Building Pyramid Schemes, the Singapore Way

A few days ago, I was at a dinner party and got to meet a lot of nice and interesting entrepreneurs and senior executives in telecoms and technology.

One of them decided to share some of his investment wisdom with me — I didn't tell him about my background — and here's what he told me:

  1. You buy a house for say SGD 700k. You'll need say 200k as a downpayment, and borrow 500k from ABC bank (I'm not going to name the bank involved).
  2. Then, you withdraw those 200k equity you have at say 2%.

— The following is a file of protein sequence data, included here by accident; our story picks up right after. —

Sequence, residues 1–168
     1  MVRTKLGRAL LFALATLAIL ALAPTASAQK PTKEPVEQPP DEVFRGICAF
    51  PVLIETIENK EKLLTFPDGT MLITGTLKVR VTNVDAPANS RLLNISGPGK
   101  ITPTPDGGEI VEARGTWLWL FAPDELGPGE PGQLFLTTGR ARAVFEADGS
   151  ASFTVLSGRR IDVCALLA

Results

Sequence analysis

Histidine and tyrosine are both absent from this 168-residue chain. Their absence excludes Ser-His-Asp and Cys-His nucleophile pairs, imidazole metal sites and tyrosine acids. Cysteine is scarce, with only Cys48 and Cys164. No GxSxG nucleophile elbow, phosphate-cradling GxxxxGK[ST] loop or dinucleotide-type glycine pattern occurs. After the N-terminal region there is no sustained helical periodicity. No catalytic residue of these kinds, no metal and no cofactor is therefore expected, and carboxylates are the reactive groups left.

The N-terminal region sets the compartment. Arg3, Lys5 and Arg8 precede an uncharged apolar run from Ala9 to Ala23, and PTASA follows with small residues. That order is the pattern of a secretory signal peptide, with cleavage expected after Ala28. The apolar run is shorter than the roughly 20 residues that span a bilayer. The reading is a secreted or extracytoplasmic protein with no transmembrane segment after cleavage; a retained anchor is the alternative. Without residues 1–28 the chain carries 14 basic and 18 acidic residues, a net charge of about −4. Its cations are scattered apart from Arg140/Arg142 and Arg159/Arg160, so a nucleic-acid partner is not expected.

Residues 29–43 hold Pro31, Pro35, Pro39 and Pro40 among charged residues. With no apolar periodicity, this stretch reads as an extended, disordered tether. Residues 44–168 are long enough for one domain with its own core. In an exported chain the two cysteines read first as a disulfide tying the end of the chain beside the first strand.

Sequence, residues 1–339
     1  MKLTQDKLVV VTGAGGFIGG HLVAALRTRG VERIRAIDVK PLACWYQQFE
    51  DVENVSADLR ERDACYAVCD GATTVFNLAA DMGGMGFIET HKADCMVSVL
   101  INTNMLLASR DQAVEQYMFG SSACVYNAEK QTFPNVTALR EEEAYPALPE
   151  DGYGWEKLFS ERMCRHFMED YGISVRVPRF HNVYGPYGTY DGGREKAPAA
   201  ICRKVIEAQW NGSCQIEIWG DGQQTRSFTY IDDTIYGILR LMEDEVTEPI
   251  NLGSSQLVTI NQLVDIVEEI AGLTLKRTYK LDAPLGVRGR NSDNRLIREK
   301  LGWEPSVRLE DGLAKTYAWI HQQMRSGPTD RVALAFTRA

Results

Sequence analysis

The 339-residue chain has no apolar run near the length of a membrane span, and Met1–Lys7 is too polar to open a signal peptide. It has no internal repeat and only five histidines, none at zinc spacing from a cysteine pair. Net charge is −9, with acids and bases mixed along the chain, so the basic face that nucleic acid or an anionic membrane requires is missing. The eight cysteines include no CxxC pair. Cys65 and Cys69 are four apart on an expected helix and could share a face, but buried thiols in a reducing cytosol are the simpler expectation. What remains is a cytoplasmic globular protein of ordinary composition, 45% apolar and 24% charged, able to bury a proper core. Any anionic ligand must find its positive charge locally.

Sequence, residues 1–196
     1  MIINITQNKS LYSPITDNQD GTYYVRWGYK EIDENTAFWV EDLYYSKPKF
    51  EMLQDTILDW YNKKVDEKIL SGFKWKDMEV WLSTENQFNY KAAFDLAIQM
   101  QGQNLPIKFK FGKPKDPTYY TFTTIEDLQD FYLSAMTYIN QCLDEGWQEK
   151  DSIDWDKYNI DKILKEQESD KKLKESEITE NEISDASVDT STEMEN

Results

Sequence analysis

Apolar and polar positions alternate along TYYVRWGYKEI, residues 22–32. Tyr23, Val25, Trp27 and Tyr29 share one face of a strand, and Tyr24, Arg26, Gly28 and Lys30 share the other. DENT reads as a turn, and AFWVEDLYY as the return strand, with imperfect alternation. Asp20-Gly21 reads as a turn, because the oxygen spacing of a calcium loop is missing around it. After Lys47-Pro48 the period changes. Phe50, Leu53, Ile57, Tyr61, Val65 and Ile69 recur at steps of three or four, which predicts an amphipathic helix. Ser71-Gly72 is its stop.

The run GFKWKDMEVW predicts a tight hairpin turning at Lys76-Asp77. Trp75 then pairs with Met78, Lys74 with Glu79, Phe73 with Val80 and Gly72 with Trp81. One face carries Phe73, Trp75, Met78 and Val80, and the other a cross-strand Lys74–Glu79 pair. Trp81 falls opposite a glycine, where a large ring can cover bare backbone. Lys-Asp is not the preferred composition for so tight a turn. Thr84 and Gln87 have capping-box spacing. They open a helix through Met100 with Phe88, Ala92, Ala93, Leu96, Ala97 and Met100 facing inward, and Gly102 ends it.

3. With the 200k, buy bonds of ABC bank (which lent you the mortgage in the first place). Those bonds pay about 5%.
  4. Then, because you've bought your home with money borrowed from ABC, and you've bought bonds of ABC with the cash of your equity withdrawal, the bank will lend you some more money, up to about 50% of your bond holdings, if you agree to buy more of those bonds. So you get another say 100k with an interest of about 2.5%, that you'll invest in the ABC bank bonds at 5%.
You end up with:
  • about 120% of the value of your home borrowed
  • almost 50% of the value of your home invested in ABC Bank bonds
  • being an interest rate speculator, and buying illiquid debt from a bank which future is obviously more than hazardous given the schemes it's setting up.
What do you think?

No comments: